Almost 63 million of people living in rural areas have no access to clean water, as per a new global report released to mark World Water Day on Wednesday.
India has the maximum number of people – almost the population of the United Kingdom, who doesn’t have access to clean water, suggest – Wild Water – a report on the state of the world’s water.
The key reason for this crisis likely to be the lack of government planning, competing demands, rising population and water-draining agricultural practices are a mounting strain on water, said the WaterAid’s report.
Diseases like cholera, blinding trachoma, malaria, and dengue are likely to become more prevalent and malnutrition more rampant, the report said. The report described India as one of the world’s fastest growing economies. However, it pointed out that ensuring water security is one of the key challenges of the country.
As per India’s official Ground Water Resources Assessment, over one-sixth of the country’s groundwater supply is presently overused. “Droughts have become almost a way of life in the Bundelkhand region of North-Central India. Here, three consecutive droughts have pushed millions of people into a vicious cycle of hunger and poverty,” it said.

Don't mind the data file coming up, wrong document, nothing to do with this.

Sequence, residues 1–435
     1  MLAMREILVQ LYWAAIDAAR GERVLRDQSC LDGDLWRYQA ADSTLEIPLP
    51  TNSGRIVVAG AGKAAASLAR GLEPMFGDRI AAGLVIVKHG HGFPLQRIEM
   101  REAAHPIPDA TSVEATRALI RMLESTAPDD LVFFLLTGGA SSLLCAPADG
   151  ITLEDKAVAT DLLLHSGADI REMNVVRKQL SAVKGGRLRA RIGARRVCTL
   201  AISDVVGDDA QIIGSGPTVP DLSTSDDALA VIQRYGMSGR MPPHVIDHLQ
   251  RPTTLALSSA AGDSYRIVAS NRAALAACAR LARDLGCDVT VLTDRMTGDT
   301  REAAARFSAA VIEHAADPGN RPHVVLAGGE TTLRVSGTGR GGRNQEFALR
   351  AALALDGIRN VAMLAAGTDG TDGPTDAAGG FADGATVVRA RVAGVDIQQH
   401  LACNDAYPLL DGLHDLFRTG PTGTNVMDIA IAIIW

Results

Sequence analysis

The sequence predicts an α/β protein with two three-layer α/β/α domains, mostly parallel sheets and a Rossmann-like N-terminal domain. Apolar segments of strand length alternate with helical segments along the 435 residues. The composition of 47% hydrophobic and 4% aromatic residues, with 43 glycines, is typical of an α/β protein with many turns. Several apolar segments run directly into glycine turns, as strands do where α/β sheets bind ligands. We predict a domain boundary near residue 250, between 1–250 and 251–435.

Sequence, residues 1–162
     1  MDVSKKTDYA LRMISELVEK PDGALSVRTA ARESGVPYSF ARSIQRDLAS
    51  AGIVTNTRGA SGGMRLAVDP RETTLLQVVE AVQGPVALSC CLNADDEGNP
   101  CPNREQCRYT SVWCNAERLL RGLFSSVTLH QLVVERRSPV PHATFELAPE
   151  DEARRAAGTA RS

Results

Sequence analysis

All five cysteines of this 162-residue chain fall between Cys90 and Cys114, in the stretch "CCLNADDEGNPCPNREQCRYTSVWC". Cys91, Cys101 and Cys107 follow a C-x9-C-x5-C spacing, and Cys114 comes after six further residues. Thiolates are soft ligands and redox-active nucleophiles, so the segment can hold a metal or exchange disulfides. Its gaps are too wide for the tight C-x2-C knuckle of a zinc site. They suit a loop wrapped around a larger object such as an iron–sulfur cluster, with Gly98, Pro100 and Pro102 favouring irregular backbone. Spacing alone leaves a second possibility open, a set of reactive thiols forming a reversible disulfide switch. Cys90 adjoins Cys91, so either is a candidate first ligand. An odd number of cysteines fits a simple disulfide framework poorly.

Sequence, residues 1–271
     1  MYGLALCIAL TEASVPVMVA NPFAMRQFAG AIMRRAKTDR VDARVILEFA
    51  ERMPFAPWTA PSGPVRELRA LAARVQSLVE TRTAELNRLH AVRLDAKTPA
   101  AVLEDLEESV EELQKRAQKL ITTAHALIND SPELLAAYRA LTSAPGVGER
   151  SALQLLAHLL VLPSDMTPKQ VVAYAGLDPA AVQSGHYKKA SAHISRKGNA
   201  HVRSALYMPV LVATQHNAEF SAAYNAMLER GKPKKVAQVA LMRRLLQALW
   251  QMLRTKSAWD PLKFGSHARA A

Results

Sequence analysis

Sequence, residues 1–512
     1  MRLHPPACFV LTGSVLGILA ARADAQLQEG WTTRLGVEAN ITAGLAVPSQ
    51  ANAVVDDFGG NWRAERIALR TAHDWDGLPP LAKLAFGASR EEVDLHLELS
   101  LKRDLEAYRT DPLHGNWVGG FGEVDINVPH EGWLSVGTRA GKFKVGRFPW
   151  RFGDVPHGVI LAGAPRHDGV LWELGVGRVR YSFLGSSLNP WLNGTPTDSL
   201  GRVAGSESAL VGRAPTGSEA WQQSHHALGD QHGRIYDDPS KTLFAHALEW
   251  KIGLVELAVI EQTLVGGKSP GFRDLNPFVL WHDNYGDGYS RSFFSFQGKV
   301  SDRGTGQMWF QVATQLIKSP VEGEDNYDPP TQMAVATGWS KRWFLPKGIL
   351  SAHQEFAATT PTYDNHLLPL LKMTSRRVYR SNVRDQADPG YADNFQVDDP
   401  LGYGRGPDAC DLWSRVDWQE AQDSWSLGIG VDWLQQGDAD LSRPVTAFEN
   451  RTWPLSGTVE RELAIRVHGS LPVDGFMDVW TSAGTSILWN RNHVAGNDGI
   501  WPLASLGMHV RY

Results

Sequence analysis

The report also warns about the implications of extreme weather events and climate change. “India ranks in the top 38 per cent of countries worldwide most vulnerable to climate change and least ready to adapt, according to the Notre Dame Global Adaptation Index. With 67% of the country’s population living in rural areas and 7 per cent of the rural population even now living without access to clean water, India’s rural poor are highly vulnerable to the effects of extreme weather events and climate change,” it said.
Today, 663 million people internationally are without clean water and the vast majority of them, 522 million – live in rural areas.
“This World Water Day, WaterAid is calling on the government to deliver its promise to meet the Sustainable Development Goals, including ensuring access to safe water as part of Goal 6 to everyone, everywhere. Along with access to safe water, it is critical that communities have the necessary tools, infrastructure and preparedness to deal with the effects of extreme weather events and climate change,” said WaterAid India’s chief executive VK Madhavan.
“These communities face particular challenges in gaining access to water due to isolated locations, inadequate infrastructure and a continued lack of funding,” he added.